“Round up the usual suspects,” the gendarme ordered in the famous line from the movie Casablanca. And frequently, that’s how executives think when they create teams, committees or task forces.
The boss says or thinks something like: “Let’s appoint anyone who might know something about this issue.” Or even more likely: “Grab anybody who’s got a stake in this thing.”
Organizations, of course, love such groups because, when they work, they can improve coordination, help employees feel more involved, and maybe even spur innovation. But when they flop-or, more commonly, just lapse into mediocrity-they can drain an organization of its vitality and leave a legacy of posturing, power struggles and misunderstandings.
Designing a Group
We naively assume any group can automatically be a team. But one of the biggest single reasons that teams misfire is that behavioral differences are ignored. In short, who’s selected for the team will likely affect the outcome. For best results, we can’t just order an off-the-rack model. We have to design one that’ll best do the job.
If, when you create a team, you employ knowledge of the four behavioral types, or behavioral styles, you greatly improve the team’s chances for success. You need to consider that there are natural allies and antagonists among the styles and also that each style functions best at a different phase in the life cycle of a team.
For example, socializers often see thinkers as overly analytical. Directors might sooner die than turn into dull plodders like the relaters. Thinkers, while often drawn to relaters, have difficulty understanding the socializer’s lack of focus or the director’s impatience. And relaters only wish everyone was as amiable as they.
So although the potential for conflict is always there, it needn’t become the reality. In creating a team, think about whom you are putting on it and monitor how they function during the group’s evolution. That way you’ll not only make the best possible use of the strengths of each team member, but you can also help create a whole that’s much larger than the sum of the parts.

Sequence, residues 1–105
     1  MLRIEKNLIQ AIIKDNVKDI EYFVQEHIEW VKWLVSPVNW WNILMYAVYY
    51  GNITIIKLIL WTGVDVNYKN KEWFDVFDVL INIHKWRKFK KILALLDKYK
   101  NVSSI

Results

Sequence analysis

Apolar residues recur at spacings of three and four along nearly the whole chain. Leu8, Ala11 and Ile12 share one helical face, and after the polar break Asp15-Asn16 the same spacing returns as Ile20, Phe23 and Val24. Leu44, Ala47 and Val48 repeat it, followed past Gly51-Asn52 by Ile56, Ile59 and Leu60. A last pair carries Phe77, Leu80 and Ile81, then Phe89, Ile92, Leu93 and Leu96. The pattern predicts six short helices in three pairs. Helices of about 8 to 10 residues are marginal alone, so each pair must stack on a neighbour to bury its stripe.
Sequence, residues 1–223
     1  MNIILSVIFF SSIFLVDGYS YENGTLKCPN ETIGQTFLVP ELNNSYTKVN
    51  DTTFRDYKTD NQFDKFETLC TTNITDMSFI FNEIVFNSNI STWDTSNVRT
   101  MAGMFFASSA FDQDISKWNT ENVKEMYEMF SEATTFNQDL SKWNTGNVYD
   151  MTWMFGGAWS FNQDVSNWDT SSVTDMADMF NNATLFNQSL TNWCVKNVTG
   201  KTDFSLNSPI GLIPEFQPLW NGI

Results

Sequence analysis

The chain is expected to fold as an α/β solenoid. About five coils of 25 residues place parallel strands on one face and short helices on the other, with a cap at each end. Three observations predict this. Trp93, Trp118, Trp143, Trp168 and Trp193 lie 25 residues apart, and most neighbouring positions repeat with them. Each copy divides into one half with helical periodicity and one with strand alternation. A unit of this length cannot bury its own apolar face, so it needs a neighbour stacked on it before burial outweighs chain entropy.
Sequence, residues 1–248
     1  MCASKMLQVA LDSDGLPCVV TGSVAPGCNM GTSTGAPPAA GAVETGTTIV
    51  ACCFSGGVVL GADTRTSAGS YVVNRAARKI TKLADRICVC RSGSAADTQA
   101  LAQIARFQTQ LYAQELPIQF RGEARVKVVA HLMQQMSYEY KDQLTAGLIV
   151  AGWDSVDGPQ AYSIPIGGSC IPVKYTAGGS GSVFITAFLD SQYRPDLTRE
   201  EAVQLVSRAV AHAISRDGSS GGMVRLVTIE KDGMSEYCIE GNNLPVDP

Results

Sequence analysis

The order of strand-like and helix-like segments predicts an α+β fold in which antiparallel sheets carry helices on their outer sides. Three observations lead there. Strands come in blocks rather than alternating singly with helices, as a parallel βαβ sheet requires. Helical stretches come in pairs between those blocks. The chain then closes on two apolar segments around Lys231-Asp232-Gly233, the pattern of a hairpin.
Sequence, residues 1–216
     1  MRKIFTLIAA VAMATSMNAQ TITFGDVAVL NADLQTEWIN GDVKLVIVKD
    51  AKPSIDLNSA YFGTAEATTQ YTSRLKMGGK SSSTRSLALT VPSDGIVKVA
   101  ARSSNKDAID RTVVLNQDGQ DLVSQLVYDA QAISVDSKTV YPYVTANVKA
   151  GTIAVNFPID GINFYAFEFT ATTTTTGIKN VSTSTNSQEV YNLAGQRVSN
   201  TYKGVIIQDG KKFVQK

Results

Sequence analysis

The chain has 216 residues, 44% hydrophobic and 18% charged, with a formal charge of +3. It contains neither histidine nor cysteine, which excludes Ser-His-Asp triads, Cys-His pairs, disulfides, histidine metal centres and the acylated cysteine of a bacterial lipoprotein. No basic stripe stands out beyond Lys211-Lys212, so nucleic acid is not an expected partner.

The Natural Cycle of Groups
Work groups typically follow a cycle, just as the organizations that spawn them. They face predictable obstacles, rise to the occasion or fail, and as a result either evolve or deteriorate. At every stage in that cycle, each of the various behavioral styles can be a help or a hindrance.
Phase 1: Finding Focus
Any new group at first gropes to find its focus. Members of the group ask, or at least think:
- Is this going to be worth the effort?
- Is this going to be a useful team that can get things done?
- Or is it just another group holding yet more meetings aimed at producing another report that nobody reads?
In addition, each member at this point is seeking to define his or her role. They silently ask:
- Do I fit in here, or am I an outsider?
- Am I going to be an important member of this group with real input, or am I just here for appearances?
- Is this going to waste my time?
Thinkers and directors can be especially helpful during this first phase. They are both skilled at getting to the heart of matters, though in different ways.
If the challenges the group faces are intellectually complex, the thinker will be in his element. Because they’re so good at reasoned analysis of tasks, thinkers can help clarify the mission and give the team focus.
Similarly, if the main hurdle the group faces is more of a conflict—say, a history of discord among members and/or a split over goals—a director likely will shine. In fact, the group may be yearning for a strong leader who can tell the warring members to quit butting heads and either commit or leave. That’s a situation ready-made for the director.
In either case, the thinker or director may be able to get the group to psychologically buy into the idea of moving forward together, to convince the team that there’s a plan and progress will be possible.
Phase 2: Facing the Realities
Although a tough-minded thinker or director may get the group going, this stormy second stage often cries out for the buoyant optimism of the socializers. Their friendly, informal brand of leadership can send out a strong, clear signal that this group can work together and make things better for everybody.